With my maritime academy days in the not so distant past I often think about the three internships I did each summer. One thing that I wish I had was a list of gear to have each summer, a short list of things that every sailor should have. However you’d really need to make two lists, one of everyday items for everyday needs, and another for the two month hitch most cadets have.
The Essentials, Items for Everyday
Now everyone has their own favorite here. Personally I am a big fan of anything from Myerchin. I have their P300 Sailors Tool, the A200 fixed blade with marlin spike, as well as one of their older folders. The P300 has a sharp smaller blade, a great marlin spike, and a decent set of small pliers. However for heavy work on commercial vessels I do prefer my A200. However I would also recommend any marine knives by Spyderco, particularly the Atlantic Salt.
Just essential most days on the water, and I firmly believe you get what you pay for. This is one of the reasons I swear by Costa Del Mar’s. I have a pair of their Permits in black with blue mirror 400 series lenses, as well as a pair of the Zanes in black with green mirror 400 series lenses. They are just the best fitting, clearest sunglasses I have ever worn. The lenses are tough and are like having X-ray vision in shallow water.
Insert favorite backpack here______________. My EMS Free Range pack carries a change of clothes, hand held VHF/charger, phone charger, small first aid kit, electrical/duct tape, headlamp, work gloves, logbook, my license, business cards, tape measure, sunglasses case, and a couple sharpies.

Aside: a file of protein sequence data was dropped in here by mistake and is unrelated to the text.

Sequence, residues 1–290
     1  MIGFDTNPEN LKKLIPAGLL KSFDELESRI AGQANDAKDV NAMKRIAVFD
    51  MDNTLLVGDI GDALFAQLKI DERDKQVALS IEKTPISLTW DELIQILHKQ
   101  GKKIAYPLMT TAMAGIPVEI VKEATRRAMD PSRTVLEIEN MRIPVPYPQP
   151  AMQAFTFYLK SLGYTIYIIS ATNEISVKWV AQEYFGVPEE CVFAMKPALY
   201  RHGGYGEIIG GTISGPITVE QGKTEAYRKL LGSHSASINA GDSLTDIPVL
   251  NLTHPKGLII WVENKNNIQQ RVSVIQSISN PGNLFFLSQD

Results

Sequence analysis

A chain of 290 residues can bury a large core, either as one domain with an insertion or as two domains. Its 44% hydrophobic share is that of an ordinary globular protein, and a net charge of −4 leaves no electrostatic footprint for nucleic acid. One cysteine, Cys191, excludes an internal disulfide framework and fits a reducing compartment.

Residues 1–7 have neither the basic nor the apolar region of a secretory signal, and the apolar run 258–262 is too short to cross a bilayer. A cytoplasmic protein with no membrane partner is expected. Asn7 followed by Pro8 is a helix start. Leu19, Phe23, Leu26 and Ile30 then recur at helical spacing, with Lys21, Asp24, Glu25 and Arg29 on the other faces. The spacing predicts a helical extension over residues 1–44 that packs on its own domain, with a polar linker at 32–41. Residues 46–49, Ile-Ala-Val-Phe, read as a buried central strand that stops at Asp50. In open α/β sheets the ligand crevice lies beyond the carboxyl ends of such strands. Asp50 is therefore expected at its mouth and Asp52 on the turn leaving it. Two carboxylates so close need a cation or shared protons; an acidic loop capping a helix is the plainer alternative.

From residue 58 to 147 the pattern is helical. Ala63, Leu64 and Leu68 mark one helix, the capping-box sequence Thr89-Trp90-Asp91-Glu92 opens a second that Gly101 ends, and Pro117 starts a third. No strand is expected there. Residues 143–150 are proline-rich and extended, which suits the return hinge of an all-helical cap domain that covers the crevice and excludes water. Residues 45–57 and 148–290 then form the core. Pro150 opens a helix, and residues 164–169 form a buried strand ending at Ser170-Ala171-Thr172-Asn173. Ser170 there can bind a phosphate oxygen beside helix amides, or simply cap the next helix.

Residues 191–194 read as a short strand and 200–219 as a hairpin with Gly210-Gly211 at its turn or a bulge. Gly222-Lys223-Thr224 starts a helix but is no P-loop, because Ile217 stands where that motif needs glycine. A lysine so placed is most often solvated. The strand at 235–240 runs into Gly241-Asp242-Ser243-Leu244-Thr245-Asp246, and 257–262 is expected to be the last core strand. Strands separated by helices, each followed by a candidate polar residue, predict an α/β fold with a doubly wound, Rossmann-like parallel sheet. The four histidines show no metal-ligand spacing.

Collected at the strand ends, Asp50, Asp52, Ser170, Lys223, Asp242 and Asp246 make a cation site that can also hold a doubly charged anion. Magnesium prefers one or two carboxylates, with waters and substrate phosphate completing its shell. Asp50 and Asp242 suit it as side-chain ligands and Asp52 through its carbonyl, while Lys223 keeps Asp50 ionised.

#4. Waterproof, Steel Toe Boots:
Drop a breaker bar or shackle on your toes once, while working in a wet environment, and tell me you don’t wish you had them. I’m a fan of Bog’s, great slip on water proof boots.
#5. Foul Weather Gear:
Again we work in an environment that is by nature a wet place. Nothing is worse than having to work in soaking wet clothes for the whole of a 6 or 12 hour watch. I personally have two sets for different boats. One set of Guy Cotton oil skins for commercial work. They are rugged, very dry, and warm in the winter. For milder climates and work that doesn’t require quite the durability or Deadliest Catch appearance, I have the Musto Coastal Jacket and Bib Pants which breathe well, are quite waterproof, and stylish enough for more “yachty” situations.
#6. Flash Light:
Personally I carry a Mini Maglite Led, the three cell AA model. It is bright as hell for a little light, and even though it is LED, the adjustable beam allows for it to throw light a long ways. I bought mine online for only 22 dollars. Now some people in the petroleum industry might need an intrinsically safe light, for this application I recommend many of Pelican’s great lights.
#7. Hand Held VHF:
For boats that don’t have a house set of private radios, or for those with a set of shitty handhelds it is really nice to have your own high quality hand held. I’ve been carrying a Standard Horizon 751 for several years as not only a commercial mariner but also as a professional sea kayak guide. It is a tough, waterproof, floating, easy to use unit.
#8. Work Gloves:
Stop fighting over the best pair on the boat, pick your poison and buy your own!
#9. Extra Socks:
Name something worse than sweat or water soaked socks with 2 hours left on watch…..
This one is a toss-up. Most people get along just fine with the work vest on the boat. Personally I prefer my own vest that fits just right, and has a pocket or two. My favorite would have to be the Kokatat Guide, a vest that I originally wore for sea kayak guiding, but after removing the quick release rescue strap it made the perfect work vest on deck. Close fitting, allows for a wide range of motion, and it has an excellent radio pocket. My second favorite is another Kokatat vest, the Orbit Tour, super low profile, by far the easiest vest to move in.
Coming Soon……The 60 Day List.